to finish and serve:

2 red peppers, de-seeded, roasted and peeled then chopped

salt and black pepper

finely grated zest and juice of 3 limes

spiced butter

grated cheese

soured cream

to make the butter, heat the olive oil in a frying pan and lightly fry the cumin and chilli powder for a couple of seconds. pour into a bowl and add the smoked paprika, tomato ketchup, worcestershire sauce, marmite and butter. mix together thoroughly, cover and keep in the fridge until required (for up to a week), or freeze for a month.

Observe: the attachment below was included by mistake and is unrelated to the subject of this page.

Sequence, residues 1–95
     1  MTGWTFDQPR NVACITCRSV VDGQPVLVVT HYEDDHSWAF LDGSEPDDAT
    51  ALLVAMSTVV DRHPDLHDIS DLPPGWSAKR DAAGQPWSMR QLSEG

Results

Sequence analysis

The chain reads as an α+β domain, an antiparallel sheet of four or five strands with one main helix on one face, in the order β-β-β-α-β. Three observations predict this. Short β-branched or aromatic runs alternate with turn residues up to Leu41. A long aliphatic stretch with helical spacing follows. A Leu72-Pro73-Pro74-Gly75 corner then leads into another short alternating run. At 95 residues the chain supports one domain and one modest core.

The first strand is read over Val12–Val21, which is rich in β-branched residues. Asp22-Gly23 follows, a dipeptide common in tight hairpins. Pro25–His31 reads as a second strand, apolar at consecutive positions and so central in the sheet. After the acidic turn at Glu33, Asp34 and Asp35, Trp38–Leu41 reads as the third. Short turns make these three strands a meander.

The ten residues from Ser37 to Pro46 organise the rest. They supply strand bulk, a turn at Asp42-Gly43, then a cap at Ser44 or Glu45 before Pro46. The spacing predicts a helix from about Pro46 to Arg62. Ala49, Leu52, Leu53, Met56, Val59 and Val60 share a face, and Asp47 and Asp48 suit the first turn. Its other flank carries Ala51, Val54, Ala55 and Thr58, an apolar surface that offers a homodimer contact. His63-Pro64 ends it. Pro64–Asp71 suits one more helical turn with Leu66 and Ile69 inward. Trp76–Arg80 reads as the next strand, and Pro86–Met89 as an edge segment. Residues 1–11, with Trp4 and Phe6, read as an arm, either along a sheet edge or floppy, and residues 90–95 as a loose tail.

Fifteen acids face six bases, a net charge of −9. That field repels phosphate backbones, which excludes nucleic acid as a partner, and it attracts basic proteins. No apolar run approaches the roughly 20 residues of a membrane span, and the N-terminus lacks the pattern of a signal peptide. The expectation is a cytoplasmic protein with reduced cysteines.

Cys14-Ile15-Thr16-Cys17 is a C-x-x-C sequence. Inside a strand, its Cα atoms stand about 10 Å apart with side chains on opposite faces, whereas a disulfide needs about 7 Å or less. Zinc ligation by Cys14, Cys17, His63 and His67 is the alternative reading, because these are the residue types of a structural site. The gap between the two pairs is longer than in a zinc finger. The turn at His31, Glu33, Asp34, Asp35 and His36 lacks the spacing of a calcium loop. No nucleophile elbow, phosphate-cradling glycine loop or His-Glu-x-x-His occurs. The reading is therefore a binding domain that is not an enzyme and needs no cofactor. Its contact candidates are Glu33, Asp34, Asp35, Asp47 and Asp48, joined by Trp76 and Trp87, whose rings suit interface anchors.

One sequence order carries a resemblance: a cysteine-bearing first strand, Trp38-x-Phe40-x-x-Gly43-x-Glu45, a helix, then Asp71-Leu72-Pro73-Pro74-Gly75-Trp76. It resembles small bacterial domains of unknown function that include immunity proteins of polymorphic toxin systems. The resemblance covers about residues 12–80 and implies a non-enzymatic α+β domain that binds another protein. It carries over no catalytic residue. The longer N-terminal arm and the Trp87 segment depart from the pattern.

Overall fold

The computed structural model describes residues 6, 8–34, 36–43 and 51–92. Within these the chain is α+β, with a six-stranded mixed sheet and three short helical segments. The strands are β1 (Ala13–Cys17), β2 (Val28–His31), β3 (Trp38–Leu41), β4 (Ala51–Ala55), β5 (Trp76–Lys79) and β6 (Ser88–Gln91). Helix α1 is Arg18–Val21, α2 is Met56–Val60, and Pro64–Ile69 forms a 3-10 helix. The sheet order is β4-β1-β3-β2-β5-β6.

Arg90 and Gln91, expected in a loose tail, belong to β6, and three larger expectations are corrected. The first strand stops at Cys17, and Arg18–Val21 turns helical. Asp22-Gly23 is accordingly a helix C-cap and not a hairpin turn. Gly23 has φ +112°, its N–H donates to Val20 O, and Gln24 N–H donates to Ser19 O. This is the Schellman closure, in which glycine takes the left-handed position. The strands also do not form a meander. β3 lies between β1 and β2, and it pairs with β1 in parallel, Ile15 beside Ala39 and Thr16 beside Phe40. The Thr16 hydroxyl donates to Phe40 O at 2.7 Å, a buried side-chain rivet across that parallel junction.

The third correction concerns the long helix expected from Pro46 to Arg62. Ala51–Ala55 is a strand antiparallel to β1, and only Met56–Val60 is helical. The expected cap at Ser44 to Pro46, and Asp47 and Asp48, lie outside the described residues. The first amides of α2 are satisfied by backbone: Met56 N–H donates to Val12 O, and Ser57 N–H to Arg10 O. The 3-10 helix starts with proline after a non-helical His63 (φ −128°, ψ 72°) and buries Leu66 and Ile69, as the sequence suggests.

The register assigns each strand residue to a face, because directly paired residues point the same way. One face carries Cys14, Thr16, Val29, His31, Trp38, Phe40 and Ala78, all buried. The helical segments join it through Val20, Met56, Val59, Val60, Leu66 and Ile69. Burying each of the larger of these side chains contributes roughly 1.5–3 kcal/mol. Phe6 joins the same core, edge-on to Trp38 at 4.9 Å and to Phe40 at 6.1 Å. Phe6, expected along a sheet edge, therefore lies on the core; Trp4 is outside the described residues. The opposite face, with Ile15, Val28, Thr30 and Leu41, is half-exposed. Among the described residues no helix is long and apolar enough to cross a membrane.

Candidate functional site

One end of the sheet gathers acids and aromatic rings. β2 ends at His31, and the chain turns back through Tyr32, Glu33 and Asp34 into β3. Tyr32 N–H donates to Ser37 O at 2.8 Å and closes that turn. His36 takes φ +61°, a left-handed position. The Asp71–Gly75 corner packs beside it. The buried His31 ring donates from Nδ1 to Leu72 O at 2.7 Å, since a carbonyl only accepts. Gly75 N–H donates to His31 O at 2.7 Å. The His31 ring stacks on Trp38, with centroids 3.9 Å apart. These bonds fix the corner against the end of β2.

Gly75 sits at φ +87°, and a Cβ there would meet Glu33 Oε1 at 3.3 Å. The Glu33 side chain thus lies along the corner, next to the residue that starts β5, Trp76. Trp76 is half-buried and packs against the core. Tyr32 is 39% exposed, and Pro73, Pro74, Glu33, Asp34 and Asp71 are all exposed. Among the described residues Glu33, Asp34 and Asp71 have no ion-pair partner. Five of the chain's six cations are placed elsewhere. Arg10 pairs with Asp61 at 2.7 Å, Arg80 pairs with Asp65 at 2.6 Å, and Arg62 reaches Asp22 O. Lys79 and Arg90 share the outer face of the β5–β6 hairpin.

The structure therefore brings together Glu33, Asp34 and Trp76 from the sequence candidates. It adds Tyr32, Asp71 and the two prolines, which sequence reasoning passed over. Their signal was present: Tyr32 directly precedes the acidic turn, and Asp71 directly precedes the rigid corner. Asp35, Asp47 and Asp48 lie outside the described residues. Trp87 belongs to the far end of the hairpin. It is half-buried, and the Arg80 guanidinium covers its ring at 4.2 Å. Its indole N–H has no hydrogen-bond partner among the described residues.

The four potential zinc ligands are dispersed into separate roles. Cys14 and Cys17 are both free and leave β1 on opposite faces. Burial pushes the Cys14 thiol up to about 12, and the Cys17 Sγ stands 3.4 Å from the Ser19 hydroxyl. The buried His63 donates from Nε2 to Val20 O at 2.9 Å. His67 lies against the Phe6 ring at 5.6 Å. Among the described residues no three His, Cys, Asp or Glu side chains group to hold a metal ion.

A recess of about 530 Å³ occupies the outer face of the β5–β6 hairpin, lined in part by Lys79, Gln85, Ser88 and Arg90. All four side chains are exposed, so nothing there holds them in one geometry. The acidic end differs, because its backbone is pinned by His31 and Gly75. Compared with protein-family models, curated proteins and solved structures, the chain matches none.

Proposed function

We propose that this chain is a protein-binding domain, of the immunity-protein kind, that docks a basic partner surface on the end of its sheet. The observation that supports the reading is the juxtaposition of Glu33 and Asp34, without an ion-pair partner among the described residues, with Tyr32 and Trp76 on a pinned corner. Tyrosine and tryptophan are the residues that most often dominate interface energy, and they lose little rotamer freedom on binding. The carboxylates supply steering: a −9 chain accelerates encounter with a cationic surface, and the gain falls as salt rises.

for the beans, put the brine in a container, stirring until dissolved. add the beans, cover and refrigerate for 12 hours. place the tomatoes and 50ml water in a pressure cooker, reserving the vines. put on  the lid and place over a high heat. when it reaches full pressure, cook for 20 minutes. remove from the heat and allow to cool before taking off the lid. place the pan over a high heat, stirring frequently until the liquid has reduced by half (approximately 10 minutes). leave the tomatoes to cool, then tip into a container, adding the vines to infuse a fresh tomato flavour. to cook the beans, strain them and place in the pressure cooker. remove the vines from the tomatoes and add the tomatoes to the beans. if necessary, add some water so that the beans are covered in liquid. put the lid on and place the pressure cooker over a high heat. when it reaches full pressure, reduce the heat and cook for 20 minutes. leave to cool completely before opening. add this mixture to the chilli when completed.